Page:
This little essay is about the type of happiness that feels fantastic. It’s about pleasure. The stuff that isn’t complicated and puts a smile on your face. It’s about good food, nice weather, and warm socks. It is far from the complete story on happiness, but it’s the part of happiness that most of us most readily equate with it.
Pleasure (technically speaking, hedonic happiness) is what we experience when things are going well. When we are safe and comfortable. It acts as a signal that conditions are, from a survival perspective, going right.
Children are handed joyful moments and know exactly what to do with them. They live in them. They don’t manage their happiness, putting together contingency plans, waiting for the other shoe to drop. They see pleasure for what it is. A gift to be recognized, savored, and jumped into with glee.
When the fleeting nature of a pleasure is over, children usually seek out more. That’s where our more seasoned adult perspectives come in handy. Experience teaches us that too much pleasure can lead to imbalance. In a world of relative abundance compared to what our forebears would have faced, the brain still treats what would have been luxurious back then (extra salt and fat, rest, new objects, new stories) as rare items worth pursuing, again and again. And too much pleasure can get us into trouble. Obesity, tooth decay, addiction and debt are maladies of an abundant age.
But as mothers, tasked day in day out with the care and provision of our families, are we, as a group, at risk of too much pleasure? When, for so many of us, the proverbial wolf is ever at the door?
The stresses of parenting in the modern age feel icky because they do icky things to our bodies. Prolonged elevated cortisol wears down our systems. We stop healing, digesting, and sleeping.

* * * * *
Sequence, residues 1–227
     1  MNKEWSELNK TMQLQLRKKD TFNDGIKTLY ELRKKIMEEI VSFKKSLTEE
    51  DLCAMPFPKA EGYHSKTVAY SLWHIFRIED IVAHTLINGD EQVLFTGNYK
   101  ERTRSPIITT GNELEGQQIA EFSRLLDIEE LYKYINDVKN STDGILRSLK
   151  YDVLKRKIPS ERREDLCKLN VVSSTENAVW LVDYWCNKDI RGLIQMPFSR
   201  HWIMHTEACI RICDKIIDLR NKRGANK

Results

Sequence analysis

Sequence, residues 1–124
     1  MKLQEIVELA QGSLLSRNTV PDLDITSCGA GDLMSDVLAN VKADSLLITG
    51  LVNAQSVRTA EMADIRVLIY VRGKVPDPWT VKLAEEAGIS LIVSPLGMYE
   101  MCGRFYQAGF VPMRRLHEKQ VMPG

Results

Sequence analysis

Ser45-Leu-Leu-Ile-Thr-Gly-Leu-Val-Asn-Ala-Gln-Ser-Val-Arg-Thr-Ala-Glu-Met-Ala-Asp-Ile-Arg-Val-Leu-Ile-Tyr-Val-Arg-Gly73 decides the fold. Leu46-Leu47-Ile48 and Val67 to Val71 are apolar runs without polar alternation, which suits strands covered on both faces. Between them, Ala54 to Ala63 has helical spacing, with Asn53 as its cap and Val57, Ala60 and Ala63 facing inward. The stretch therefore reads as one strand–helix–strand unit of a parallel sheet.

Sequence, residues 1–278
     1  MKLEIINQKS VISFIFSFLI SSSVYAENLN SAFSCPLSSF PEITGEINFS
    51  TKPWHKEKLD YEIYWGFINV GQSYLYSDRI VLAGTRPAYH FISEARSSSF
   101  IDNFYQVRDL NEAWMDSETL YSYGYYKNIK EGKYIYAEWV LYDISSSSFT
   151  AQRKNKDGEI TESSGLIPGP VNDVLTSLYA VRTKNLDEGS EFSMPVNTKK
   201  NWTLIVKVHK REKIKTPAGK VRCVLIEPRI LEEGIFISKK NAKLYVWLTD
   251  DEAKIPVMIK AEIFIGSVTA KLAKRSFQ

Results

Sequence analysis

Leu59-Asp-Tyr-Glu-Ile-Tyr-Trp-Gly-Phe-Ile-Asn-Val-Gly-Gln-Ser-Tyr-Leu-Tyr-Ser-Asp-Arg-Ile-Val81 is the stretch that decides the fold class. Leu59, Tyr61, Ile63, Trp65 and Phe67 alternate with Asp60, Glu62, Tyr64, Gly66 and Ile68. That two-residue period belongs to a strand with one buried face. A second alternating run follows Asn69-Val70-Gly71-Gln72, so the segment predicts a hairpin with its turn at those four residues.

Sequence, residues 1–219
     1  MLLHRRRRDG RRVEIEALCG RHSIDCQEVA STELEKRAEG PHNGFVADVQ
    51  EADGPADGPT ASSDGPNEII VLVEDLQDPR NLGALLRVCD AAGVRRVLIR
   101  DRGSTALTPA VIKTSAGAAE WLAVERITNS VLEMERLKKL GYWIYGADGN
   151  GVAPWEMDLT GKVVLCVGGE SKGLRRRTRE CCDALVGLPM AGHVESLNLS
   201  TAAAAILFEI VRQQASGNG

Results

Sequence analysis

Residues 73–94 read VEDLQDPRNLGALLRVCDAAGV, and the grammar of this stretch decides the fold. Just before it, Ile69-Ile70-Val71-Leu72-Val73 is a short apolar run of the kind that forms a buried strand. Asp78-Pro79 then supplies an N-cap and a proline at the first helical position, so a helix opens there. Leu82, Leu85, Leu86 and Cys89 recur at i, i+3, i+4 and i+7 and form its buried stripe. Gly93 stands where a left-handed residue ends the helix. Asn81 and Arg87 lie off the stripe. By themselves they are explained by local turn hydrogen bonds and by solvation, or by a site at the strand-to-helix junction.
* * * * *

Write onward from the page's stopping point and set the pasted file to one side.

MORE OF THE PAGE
Pleasure helps the nervous system to repair itself. It offers us a break from the gnawing cycle of worry and “I should be..”. Neurochemically, pleasure unwinds the damage of stress. It gives our bodies the space to heal and recover from the near-constant state of flux so many of us can find ourselves in. Pleasure is a beauty nap for your mind.
It’s a little different for all of us, the experiences that make our minds light up with joy. And for so many of us, it can be boiled down to the three minutes we give ourselves in a day to appreciate the pink sunlight on the pavement, a warm shower, or our head, finally, hitting the pillow. Pleasure comes from knowing we are safe, seeing something beautiful, touching something comfortable, and being reminded we are loved. It needn’t be fancy or expensive. But it will require a moment of acknowledging that, just for now, things are, for the most part, a-ok. And for that, we are grateful.
Pleasure soothes. Pleasure restores. It is a refuge and an armor. In the mothering world, it is a strong, quick, and helpful medicine that can help us exhale. In the right doses, it can, and should be a worthy goal. It won’t solve our problems. It won’t get us moving in the sometimes painful directions we need to in order to grow as we should. But it will give us the momentary lifts we need along the road so that we can keep on keeping on. Pleasure is not the answer we seek. But it is an ally in the quest.